UK dividends rise but investors ‘won’t be satisfied for long’
Dividend payments reached £15.3bn, a first-quarter record – or £15.4bn including special payments, according to the latest UK Dividend Monitor from Capita Asset Services.
It said that while the headline figure was impressive, the growth depended heavily on large exchange rate gains.
The report said the first quarter was heavily skewed towards dividends reported in foreign currencies, accounting for three-fifths of the total distributed.
Over the quarter, Capita said exchange rate gains added £1.7bn to the payout total, the equivalent of a 12% increase for the headline growth rate.
The £15.4bn total came despite a 90% decline in special dividends (dividends paid out in additional to the normal dividends) to just £110m. This was their weakest quarter in almost six years, and the fall was twice as large as Capita expected.
In addition to exchange rate gains, the stronger-than-expected rebound in BHP Billiton’s pay-out, provided the figure with a boost. Without this, the underlying dividends would have fallen slightly year-on-year.
Of the main industry groupings, oil, gas and energy, resources and commodities, consumer goods & housebuilding, and telecoms performed best. Retail & consumer services and healthcare & pharmaceuticals fell, mainly owing to lower special dividends. Overall, 11 out of 17 sectors paid more in quarter one this year than last.
Capita expects underlying dividends to rise 7.7% to £84.6bn in 2017, with three quarters of that growth coming from sterling’s weakness. This is based on the assumption that exchange rates don’t change.
Headline dividends are expected to rise by just 2.8% to £87.1bn. This is £0.4bn lower than Capita’s earlier forecast, owing to the weaker-than-expected special dividends in the first quarter.
‘Profit growth has been rather meagre from UK plc of late’
Justin Cooper, chief executive of Shareholder Solutions, part of Capita Asset Services, said UK firms had delivered a record for a first quarter before the big drop in special dividends was accounted for but investors won’t be satisfied for long.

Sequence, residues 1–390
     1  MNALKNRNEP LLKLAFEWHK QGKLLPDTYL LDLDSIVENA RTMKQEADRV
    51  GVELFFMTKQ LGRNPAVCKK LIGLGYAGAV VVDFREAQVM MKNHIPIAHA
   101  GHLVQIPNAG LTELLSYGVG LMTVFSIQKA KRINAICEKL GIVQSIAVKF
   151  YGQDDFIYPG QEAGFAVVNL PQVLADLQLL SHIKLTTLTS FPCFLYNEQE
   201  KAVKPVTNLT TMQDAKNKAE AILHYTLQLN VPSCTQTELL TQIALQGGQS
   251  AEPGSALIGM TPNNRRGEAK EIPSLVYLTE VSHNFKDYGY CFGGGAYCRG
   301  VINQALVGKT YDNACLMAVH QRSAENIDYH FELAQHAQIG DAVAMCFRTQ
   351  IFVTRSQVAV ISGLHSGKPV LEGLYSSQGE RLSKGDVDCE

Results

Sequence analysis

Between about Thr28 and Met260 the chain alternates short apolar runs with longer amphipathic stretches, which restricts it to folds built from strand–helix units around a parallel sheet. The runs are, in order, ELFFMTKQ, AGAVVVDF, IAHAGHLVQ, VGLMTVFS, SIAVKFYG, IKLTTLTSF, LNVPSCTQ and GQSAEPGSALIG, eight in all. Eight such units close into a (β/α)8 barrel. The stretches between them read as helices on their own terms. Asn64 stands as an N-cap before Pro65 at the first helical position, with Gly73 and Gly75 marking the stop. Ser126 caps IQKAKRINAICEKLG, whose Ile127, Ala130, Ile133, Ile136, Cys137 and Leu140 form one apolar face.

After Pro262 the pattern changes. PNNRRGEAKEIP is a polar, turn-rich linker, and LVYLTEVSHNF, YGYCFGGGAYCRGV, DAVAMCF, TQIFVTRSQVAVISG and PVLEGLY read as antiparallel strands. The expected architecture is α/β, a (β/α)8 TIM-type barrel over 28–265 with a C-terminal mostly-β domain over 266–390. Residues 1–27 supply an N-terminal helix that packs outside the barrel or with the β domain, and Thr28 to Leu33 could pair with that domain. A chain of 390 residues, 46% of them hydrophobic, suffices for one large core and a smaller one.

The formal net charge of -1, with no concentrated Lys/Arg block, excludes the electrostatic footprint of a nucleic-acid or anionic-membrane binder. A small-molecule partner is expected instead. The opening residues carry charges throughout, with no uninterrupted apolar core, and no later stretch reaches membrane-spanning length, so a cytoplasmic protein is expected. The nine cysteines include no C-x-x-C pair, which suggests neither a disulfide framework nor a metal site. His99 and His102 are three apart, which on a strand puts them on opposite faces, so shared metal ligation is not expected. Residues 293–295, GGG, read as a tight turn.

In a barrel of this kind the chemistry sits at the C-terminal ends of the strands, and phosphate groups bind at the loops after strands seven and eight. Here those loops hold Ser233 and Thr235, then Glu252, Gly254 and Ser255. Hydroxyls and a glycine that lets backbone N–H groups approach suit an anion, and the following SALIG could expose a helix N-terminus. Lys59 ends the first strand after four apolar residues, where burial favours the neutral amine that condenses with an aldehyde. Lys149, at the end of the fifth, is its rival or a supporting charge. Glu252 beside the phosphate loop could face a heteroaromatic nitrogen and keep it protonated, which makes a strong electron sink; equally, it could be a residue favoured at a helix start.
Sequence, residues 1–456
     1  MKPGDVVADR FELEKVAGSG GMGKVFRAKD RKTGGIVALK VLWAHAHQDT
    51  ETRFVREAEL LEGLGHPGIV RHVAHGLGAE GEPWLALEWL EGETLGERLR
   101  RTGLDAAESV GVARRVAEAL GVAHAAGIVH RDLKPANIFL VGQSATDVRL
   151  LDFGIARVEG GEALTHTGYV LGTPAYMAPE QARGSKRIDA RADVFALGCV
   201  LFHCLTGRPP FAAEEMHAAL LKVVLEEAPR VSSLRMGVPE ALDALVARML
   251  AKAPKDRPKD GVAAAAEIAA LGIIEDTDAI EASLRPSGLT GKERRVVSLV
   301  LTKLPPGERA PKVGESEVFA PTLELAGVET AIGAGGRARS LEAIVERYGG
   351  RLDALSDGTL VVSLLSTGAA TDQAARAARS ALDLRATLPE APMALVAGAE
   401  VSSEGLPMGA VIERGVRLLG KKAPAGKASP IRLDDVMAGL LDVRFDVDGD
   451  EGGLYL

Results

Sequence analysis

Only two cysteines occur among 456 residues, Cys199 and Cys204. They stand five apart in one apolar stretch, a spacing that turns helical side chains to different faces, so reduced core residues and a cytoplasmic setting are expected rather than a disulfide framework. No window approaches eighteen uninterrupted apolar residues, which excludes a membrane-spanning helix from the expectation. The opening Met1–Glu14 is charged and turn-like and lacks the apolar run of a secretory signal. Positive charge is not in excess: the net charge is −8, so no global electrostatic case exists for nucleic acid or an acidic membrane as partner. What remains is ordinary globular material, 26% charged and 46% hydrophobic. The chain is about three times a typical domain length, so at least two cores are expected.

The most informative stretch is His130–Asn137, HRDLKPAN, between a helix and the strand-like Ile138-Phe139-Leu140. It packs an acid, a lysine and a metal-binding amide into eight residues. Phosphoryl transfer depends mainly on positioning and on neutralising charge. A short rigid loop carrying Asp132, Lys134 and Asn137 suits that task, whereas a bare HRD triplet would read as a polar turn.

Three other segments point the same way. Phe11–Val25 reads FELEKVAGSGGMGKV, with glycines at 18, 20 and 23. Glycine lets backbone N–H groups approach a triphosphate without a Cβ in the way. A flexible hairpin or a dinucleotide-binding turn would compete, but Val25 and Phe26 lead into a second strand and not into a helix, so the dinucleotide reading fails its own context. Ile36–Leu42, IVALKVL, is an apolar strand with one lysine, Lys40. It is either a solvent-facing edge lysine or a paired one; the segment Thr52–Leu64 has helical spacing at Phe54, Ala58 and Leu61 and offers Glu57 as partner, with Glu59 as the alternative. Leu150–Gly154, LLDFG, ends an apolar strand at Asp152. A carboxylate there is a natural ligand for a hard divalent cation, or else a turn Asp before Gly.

He said: “The sugar rush of exchange rate gains won’t leave investors feeling satisfied for long. It’s going to wear off quickly in the third quarter, unless there is a second leg downwards in the pound. That cash is of course real, at least in sterling terms, but only long-term profit growth can deliver sustainable increases in the income from shares. Unfortunately, profit growth has been rather meagre from UK plc of late.”
Cooper said that the mid-cap companies will continue to outperform the large caps as the shine of sterling’s weakness fades.
“Global growth is picking up strongly and that should spur expansion in company earnings,” he said.
“Dividends will benefit in concert, though they tend to lag profit growth by about six months. That bodes well for the top 100, but in the meantime, the exciting story rests with the mid-caps. They depend most on the prospects for the domestic economy, while those in the top 100 are more related to global economic trends and the exchange rate. We think the mid-caps will continue to outperform their larger counterparts this year on a constant-currency basis, while the top 100 will lose the shine sterling’s weakness has burnished them with.”